The Russian economy is placed twelfth in the world with the 7th largest purchasing power parity. The overall GDP in the country is approximated at $1.227 trillion Russian Ruble that is made possible by the numerous economic partners such as APEC, G8, G-20 and EURASEC. Most of the Russian economy has been attributed to the rich agricultures soils, extensive reservoirs of natural gas oil, coals and other precious metals. These are exported all over the world thus making Russia a major exporter of natural resources.

 The collapse of the Soviet Union could have been a blessing in disguise as it enabled Russia as a single entity to venture into the international market by encouraging the subsequent privatization of most firms and adoption of free market system (Marr, 2010).

 Major sectors in the economy

The defense industry is the most significant in the Russian economy accounting for more than 20% of the entire population of workers with exports of arms and other defense weapons being quite high. The aircraft and electronics sectors are also profitable although agriculture is not as advanced as in Brazil (O'Neill, 2008).

 The Indian Economy

India is the eleventh largest economy in the world in terms of nominal GDP while its purchasing power parity is placed at number forum in the world. The Indian economy has undergone extreme changes to integrate a free market and producing large numbers of skilled professionals, in addition to, the large pool of human labor that is present in the country as brain drain is unheard of in India. The national currency is the Indian Rupee and as at the close of 2009, the GDP was $1.250 trillion much of which is from the expansive service sector. The industrial sector accounts for 28% of the total GDP while the agricultural sector contributes 17% of the Indian economy GDP (Marr, 2010).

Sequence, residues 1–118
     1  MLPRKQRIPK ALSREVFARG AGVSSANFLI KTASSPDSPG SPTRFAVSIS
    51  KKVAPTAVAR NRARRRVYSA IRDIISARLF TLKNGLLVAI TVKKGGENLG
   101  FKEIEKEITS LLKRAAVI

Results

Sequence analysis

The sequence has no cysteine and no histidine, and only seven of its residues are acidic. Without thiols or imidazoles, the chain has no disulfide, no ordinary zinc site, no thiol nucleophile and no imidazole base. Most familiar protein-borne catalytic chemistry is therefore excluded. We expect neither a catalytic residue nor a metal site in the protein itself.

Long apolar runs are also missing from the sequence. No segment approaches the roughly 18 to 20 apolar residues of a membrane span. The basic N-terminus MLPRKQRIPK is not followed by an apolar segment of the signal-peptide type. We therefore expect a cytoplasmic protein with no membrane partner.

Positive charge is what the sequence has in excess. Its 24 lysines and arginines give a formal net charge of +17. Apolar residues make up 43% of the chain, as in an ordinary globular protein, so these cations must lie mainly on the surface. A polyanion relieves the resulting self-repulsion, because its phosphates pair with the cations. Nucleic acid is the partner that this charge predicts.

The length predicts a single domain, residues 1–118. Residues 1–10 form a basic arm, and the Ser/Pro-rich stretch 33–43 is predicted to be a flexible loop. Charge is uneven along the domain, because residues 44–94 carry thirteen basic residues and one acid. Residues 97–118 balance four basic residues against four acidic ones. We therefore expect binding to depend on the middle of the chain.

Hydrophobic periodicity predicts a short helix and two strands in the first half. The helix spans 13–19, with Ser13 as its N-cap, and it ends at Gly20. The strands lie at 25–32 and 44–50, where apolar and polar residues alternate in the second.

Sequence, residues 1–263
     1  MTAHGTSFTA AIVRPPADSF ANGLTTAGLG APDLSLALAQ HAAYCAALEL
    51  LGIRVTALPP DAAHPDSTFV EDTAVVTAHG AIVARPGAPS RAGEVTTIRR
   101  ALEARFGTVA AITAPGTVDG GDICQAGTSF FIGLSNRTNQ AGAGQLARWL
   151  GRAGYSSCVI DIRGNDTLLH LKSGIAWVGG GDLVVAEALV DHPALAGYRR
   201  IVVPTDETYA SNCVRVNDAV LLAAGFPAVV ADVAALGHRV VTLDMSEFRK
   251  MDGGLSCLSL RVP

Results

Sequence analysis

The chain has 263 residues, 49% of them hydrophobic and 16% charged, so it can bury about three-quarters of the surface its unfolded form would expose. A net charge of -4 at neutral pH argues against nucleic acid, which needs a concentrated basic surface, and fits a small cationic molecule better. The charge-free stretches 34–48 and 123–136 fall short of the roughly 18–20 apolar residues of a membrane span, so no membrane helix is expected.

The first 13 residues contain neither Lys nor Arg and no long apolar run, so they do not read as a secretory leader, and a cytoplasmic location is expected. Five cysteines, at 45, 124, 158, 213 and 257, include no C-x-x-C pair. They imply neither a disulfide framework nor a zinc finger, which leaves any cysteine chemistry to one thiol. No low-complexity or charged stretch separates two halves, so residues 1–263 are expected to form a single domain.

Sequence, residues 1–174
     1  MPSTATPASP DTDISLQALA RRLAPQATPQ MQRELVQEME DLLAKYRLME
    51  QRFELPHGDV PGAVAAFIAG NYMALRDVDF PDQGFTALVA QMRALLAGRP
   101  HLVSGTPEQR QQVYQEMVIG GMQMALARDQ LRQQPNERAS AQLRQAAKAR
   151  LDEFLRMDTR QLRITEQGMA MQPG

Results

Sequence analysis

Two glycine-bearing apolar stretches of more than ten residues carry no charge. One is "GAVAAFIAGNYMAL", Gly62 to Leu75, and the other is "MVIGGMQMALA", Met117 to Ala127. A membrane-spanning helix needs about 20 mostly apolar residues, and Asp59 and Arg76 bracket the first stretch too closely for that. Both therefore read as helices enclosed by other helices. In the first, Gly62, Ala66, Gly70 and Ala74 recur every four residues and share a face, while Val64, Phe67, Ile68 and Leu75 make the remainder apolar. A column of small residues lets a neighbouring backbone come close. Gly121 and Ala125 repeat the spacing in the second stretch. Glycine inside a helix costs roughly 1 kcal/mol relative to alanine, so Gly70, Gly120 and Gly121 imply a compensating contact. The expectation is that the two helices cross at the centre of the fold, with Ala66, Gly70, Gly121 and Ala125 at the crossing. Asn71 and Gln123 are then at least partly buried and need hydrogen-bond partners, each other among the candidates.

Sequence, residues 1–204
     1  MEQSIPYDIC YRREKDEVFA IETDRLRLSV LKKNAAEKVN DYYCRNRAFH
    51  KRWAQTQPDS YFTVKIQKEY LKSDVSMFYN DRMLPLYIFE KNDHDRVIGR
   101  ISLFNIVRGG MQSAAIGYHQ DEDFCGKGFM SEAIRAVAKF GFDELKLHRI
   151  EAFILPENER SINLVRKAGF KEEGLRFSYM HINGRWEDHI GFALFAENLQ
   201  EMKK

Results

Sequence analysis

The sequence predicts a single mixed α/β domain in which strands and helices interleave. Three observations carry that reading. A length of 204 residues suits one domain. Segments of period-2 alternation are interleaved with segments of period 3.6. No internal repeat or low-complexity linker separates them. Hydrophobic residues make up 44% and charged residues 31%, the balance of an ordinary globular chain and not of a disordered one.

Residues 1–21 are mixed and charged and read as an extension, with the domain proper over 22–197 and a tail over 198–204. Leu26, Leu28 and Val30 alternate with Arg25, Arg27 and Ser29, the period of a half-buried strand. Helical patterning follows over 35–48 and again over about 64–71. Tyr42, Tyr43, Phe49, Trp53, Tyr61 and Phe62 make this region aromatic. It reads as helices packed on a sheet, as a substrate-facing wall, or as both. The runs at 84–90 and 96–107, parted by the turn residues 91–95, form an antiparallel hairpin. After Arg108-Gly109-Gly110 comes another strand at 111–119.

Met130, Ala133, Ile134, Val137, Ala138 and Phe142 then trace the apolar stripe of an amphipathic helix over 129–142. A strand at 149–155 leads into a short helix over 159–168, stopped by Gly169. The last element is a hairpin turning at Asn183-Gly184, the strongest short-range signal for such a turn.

The economy of China

The economy of China is categorized as the second largest globally after the United States with a GDP of $4.99 trillion. The national currency is the Renminbi (RMB) which has been significant in truing China into the largest exporter in the world and the second largest importer of raw materials. Despite the fact that the Chinese economy has been through a lot of challenges, such as labor shortage, economic corruption and environmental issues, it has been able to maintain a steady regional market that was substantial at penetrating the global market (O'Neill, 2008).